From Time, April 28, 1952, in an article entitled Strangled City:
Jerusalem, holy city of three great religions, is dying from strangulation. The rope around its neck is the barbed wire which separates Jew from Arab, the New City from the Old.
Before the Arab-Israel war of 1948-49, Jerusalem was a thriving community of nearly a quarter of a million people. Today, divided between Israel and Jordan, after three years of "armistice" without real peace, it is a 1,650-sq. mi. economic wilderness. Blocked gates, streets dead-ended by dragons teeth and rusting barbed wire, roadblocks and ruins divide the two cities, which for economic well-being must be one. On the Arab side, 100,000 people live without money to buy plentiful goods. On the Jewish side, somewhere between 110,000 and 140,000 people live with money but no goods to buy. The people watch each other uneasily. The wife of Jacob Meyerbaum and the wife of Ahmed Abu Mohammed hang the morning's washing out on lines which are separated by only a few yards. Then they return to equally empty kitchens.
Business on both sides of this divided city is almost dead. The proprietor of Bulos' souvenir shop just inside Jaffa Gate in the Arab section surveyed his empty store and the empty street leading to the gate where Arab Legionnaires, checked kaffiyehs on their heads, blocked the way. "Before the war," he said, "at this time of the morning the street would be jammed with tourists from the King David Hotel. By Sunday night the counters would be empty and the cash register full of those beautiful old Palestinian pounds. Today I've got a store full of goods, one clerk who has nothing to do but talk politics with his cousin—and the cash register hasn't got a dozen Jordanian dinars in it."
Some Arabs talk hopefully of internationalizing the Holy City as called for by the U.N.'s Nov. 29, 1947 resolution. But most doubt it will come about. "The resolution will never be enforced," said a Christian Arab, "because the big powers don't care about it. But even if the U.N. fulfilled its word, the two governments which now divide Jerusalem would fight it. The Israelis surround us on three sides and the Jordanians block us off on the fourth. We are in a prison."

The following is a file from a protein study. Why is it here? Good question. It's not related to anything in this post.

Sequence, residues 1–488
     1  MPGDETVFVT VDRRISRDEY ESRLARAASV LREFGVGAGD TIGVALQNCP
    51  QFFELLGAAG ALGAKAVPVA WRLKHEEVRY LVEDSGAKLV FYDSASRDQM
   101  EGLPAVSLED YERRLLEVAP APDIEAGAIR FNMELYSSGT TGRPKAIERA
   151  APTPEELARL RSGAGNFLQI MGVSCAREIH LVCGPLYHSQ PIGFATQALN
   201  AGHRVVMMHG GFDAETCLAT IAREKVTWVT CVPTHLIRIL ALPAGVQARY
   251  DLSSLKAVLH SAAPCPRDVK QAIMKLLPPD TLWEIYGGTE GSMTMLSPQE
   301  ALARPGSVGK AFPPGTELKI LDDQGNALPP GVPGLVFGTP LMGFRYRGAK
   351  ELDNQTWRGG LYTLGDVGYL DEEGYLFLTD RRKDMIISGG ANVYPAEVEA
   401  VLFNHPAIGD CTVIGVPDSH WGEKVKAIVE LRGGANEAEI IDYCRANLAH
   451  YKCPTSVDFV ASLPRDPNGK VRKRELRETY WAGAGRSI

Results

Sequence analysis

There is a great deal of grumbling about the way U.S. Point Four aid is being handled. For instance, a $1,200,000 emergency shipment of U.S. wheat was stopped short at Amman, and never found its way across the Jordan River for distribution to the needy in Jerusalem. The reason: Jordan, quite suddenly, discovered that she had a bumper wheat crop coming up, and that this foreign wheat, which had been sought to avert serious famine, would drive prices down. In the meantime, Jerusalem has almost no wheat, and bread is short.
The atmosphere in the bars and coffee houses reminds me of the early 1930s in the U.S. when jobless men sat around all day with nothing to do except feel sorry for themselves. The men of Jerusalem don't know where to go, which way to turn. There are no leaders, no men with messages. Even the evil former Grand Mufti has lost a substantial part of his following, because he no longer does anything, no longer sends his devoted followers money.
In Jerusalem today you see oldsters and middle-aged men, but few vigorous, ambitious educated men in their 20s. The reason is simple. Those who can are getting out. They are working all over the Arab world as teachers or junior staffers in oil companies. One sees them in Syria, Iraq, and up & down the length of the Persian Gulf, sad, lonely for the lovely hills of Judea. They are a new race of wanderers from the Holy Land.
I mentioned the declining number of young men in Jerusalem to one of Palestine's greatest jurists the other night. He nodded sadly and said: "Yes. Our people are disintegrating. The young ones, the strong ones are all going away. The ones we must count on in the future will not be here when we need them. But could you tell them not to go? What is there for them here?"